Introduction: Mobile health (‘mHealth’) technologies include unregulated smartphone apps. Instant Blood Pressure (IBP; AuraLife, Newport Beach, CA) estimates blood pressure (BP) using the integrated sensors in the phone, without requiring a cuff. For 392 days in 2014-15, it was a top 50 best-selling iPhone app in the US (requiring ≥950 copies sold on those days). App store reviews document use of the app for treatment of hypertension. IBP has not been independently validated.
Hypothesis: The absolute mean difference (MD) between IBP and a standard device will be ≤5.0 mmHg for systolic and diastolic BP measurements.
Methods: Between Jul. and Sep. 2015, we enrolled adults age ≥18 yrs old, at Johns Hopkins clinics. Exclusion criteria were an active arrhythmia, internal device, or contraindication for arm BP measurement. Two order-randomized measurements were taken on two devices: IBP and a validated standard device (Omron-907). Each IBP measurement was compared to the average of the standard measurements. SBP and DBP MD were log transformed and T-tests were used to compare MD and the cutoff of ≤5.0 mmHg.
Results: Of 85 participants, 52% (44 of 85) were women, mean ± SD age was 57 ± 16 years, and mean BMI was 28 ± 6 kg/m2; 53% (45 of 85) had hypertension. The mean ± SD absolute BP differences (IBP minus standard) were 12.4 ± 10.5 mmHg for systolic (P<0.001) and 10.1 ± 8.1 mmHg for diastolic BP (P<0.001). The app overestimated low BP and underestimated high BP (Figure). Sensitivity and specificity for hypertensive measurements (systolic ≥140 or diastolic ≥90 mmHg) were 0.2 and 0.9.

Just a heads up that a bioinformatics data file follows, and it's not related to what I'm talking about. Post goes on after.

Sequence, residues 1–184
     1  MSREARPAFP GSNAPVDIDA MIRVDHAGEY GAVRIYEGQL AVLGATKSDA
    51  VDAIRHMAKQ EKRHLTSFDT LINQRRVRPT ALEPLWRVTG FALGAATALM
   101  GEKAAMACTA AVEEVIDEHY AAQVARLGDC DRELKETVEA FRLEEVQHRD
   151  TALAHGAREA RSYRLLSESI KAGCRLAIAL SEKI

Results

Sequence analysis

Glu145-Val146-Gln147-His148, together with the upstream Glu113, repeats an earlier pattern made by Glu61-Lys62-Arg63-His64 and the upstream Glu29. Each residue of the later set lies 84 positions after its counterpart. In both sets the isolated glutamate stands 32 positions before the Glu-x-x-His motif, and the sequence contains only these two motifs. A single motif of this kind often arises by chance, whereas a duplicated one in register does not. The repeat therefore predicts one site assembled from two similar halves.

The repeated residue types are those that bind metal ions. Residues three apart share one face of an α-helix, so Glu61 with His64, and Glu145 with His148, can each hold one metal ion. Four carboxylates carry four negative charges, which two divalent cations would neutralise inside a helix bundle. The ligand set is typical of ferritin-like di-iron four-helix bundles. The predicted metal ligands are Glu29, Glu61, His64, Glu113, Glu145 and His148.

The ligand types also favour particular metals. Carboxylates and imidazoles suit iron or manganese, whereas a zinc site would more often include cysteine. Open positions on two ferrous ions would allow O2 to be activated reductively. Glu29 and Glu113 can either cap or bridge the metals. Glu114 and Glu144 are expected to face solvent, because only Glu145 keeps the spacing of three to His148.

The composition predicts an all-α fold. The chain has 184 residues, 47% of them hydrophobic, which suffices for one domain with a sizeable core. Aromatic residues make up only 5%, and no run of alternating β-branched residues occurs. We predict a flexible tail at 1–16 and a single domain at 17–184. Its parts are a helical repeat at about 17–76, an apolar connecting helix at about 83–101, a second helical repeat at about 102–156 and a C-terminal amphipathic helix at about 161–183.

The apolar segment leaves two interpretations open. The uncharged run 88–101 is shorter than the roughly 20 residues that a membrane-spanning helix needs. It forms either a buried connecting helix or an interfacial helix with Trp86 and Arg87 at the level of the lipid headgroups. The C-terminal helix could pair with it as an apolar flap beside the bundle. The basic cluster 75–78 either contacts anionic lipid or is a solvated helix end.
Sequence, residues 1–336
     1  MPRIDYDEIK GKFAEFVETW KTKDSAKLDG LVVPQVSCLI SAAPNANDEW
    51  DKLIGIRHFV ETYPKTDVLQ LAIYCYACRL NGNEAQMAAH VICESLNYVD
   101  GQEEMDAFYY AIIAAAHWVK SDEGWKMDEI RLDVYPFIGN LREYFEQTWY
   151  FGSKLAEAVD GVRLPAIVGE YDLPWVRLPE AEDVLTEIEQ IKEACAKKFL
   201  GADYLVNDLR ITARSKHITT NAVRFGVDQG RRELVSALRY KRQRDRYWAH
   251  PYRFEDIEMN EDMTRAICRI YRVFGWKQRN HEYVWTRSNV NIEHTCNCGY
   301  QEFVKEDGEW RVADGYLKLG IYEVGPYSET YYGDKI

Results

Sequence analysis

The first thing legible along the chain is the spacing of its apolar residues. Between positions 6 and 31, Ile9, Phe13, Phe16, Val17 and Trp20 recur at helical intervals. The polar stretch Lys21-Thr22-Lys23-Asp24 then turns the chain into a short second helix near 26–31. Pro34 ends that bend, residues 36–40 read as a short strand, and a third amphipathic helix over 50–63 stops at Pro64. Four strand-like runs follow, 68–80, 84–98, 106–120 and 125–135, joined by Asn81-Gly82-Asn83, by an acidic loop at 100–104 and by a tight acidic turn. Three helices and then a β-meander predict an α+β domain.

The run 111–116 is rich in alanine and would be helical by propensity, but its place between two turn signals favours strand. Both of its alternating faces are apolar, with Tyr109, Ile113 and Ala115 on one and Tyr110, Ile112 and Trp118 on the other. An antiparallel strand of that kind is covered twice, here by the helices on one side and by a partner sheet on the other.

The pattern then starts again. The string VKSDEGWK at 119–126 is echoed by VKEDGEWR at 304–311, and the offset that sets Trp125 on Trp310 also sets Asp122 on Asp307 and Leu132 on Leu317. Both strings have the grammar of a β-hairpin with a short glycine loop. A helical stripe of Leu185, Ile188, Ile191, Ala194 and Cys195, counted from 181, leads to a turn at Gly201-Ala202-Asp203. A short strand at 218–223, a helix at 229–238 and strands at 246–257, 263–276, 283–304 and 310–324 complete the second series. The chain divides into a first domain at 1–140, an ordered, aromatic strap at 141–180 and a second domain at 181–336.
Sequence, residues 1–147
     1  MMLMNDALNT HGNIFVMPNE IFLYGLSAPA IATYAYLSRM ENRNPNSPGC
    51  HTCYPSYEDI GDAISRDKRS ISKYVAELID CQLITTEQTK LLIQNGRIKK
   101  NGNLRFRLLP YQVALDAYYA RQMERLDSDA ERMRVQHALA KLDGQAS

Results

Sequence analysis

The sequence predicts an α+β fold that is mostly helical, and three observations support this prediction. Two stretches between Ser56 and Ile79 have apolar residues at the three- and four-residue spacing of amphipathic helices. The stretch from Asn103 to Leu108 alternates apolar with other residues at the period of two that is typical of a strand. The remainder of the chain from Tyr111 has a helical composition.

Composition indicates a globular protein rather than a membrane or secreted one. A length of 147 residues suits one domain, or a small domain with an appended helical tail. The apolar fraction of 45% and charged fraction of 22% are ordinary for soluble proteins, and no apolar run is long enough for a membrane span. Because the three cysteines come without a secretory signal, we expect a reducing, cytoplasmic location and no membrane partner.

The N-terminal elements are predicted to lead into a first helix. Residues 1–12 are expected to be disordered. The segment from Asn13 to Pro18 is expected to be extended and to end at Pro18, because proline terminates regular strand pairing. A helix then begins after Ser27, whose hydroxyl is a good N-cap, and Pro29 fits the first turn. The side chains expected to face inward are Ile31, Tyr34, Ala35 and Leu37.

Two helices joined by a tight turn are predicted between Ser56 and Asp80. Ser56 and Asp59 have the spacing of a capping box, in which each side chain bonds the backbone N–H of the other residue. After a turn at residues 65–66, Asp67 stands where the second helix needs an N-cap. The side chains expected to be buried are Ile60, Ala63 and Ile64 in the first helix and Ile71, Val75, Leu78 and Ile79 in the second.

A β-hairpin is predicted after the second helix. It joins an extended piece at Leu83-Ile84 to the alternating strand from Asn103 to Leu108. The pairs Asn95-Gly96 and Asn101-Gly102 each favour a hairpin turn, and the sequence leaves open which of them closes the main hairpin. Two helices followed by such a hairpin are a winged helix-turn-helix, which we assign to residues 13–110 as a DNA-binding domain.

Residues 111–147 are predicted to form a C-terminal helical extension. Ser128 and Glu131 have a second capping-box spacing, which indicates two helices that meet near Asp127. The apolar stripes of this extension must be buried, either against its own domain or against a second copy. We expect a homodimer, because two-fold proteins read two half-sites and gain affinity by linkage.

Conclusions: BP measurements from an unregulated mHealth app with >148,000 units sold were highly inaccurate. The low sensitivity for hypertensive readings means that four-fifths of individuals with hypertensive BP levels will be falsely reassured that their BP is in the non-hypertensive range.